In South Korea, where food is a big part of the culture, children are being taught the importance of sharing meals. While this may seem like a harsh punishment, South Korean children teach their parents to wait for other family members to start eating, even if they are hungry. Because, in their opinion, getting together with the whole family is the best time to enjoy a meal.

Lots of love: Universal!

It does not matter if they send their children to school alone, whether they force them to eat, whether they are toilet trained early or not! No matter what part of the world they live in, all parents make an effort to build a strong bond with their children. And to love immensely is the most universal parenting practice…

Bonus: what’s going on in Turkey?

When we think about the practice of raising children in our country, colorful scenarios can appear before our eyes. Although it is customary for us to receive support from the extended family, as in India, we can say that it is almost impossible for parents to leave their strollers on the street, as in Denmark 😊 Of course, we also have a spoon chase! Yes, running after small children with a small spoon to feed them can be a parent’s favorite pastime.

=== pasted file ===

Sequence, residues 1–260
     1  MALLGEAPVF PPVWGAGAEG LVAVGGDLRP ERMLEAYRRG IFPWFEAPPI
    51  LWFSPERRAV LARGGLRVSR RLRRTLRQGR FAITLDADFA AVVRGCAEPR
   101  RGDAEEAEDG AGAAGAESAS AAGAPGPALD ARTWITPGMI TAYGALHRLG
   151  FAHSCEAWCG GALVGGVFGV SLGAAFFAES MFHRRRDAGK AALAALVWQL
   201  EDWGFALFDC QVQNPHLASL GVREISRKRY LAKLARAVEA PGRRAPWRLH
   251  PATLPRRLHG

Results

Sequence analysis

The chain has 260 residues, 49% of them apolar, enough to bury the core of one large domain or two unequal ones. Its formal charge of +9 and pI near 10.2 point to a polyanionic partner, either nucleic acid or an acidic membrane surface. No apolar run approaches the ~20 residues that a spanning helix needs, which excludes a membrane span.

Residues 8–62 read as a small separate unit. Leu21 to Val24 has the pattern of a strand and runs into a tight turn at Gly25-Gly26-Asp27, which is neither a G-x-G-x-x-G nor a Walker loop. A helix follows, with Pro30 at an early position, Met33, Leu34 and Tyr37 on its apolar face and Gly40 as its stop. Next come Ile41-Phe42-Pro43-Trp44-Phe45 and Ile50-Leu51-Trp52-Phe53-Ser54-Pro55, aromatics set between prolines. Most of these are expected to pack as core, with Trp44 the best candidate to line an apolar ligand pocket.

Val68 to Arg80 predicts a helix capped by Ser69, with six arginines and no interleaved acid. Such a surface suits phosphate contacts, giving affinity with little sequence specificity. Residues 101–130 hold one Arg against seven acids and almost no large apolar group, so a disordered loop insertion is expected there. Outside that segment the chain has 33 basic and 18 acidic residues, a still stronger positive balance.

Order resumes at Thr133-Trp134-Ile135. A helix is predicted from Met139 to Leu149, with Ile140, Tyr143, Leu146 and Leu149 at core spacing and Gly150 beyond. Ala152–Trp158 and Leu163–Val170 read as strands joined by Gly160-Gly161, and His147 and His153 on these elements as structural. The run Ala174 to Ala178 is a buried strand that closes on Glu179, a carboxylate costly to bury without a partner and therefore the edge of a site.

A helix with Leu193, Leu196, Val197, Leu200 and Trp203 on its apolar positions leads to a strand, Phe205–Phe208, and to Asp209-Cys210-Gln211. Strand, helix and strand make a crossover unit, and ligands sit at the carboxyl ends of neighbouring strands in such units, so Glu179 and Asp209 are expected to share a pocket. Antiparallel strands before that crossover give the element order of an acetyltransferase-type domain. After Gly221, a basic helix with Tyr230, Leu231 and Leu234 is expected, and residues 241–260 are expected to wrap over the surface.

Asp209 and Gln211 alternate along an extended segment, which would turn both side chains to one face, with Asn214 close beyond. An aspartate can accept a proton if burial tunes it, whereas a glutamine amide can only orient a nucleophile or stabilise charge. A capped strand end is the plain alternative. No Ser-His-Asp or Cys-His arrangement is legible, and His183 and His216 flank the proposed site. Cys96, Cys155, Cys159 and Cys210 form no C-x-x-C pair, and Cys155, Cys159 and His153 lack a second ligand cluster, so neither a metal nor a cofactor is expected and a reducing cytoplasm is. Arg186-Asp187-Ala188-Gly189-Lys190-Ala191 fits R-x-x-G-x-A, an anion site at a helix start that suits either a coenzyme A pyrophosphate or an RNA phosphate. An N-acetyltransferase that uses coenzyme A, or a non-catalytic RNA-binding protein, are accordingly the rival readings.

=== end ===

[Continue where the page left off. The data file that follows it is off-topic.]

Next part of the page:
What parenting practices do you practice or follow?

You may be interested in: What French Parents Do Differently: Parenting Tips from Stay French for Your Child

Source: verywellfamily, huffpost, moms, globalcitizen